Solomon Islands: A police officers comments begs the question whether there is a Mental Health Policy in place today
In an article in the Solomon Stat newspaper yesterday an unidentified police officer was quoted as saying, “It is very sad when the whole city is in lockdown, we realized we have a lot of mentally ill people living with us.”
The police officer’s comments came in respect of what he saw during his tour of duty during the 36 hour lockdown which commenced on Wednesday night.
The Solomon Star newspaper accompanied the article with a photo of a relatively young man, described as a “mental man,” walking through a Honiara street during the lockdown on Thursday.
It strikes me as very sad indeed that a lockdown has served to highlight the number of people with special needs in Honiara.
With the greatest respect I ask what is the extent of the situation in the Solomon Islands today, and not just in Honiara, with regard to the numbers suffering mental health concerns, and what care and possible treatment is available to them.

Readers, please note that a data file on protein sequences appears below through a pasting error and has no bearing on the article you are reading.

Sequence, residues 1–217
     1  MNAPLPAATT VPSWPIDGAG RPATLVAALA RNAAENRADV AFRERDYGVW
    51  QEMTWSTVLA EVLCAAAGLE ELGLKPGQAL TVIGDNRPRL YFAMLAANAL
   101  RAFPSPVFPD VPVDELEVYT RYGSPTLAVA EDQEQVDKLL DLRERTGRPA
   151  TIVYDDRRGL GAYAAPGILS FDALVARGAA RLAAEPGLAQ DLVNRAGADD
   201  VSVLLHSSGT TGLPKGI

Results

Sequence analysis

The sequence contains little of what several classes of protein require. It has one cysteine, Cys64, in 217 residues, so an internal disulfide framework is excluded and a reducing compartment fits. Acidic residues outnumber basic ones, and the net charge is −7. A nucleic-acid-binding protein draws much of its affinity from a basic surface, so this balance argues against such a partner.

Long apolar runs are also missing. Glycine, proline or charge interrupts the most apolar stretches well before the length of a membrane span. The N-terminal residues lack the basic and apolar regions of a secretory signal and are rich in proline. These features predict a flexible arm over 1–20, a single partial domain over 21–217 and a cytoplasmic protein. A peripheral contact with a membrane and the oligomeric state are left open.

I believe a National Mental Health Policy was drafted in 2009 but I am not sure whether it was ever endorsed by the Cabinet.
I know, too, a number of the population still turns to traditional healers or church leaders for purposes of healing, seeking help from Western medicine only after all other alternatives in the community have been exhausted.
Is there still a long way to go before mental health services are available, affordable and accessible to the whole population, including people living in geographically remote areas?
From 2012 to 2014, the Solomon Islands Integrated Mental Health service worked with Asia-Australia Mental Health to build workforce capacity and deliver sustainable community mental health programs and emphasised the importance of greater community ownership and involvement in community-based mental health care, and of moving from centralised services to increased local and accessible care.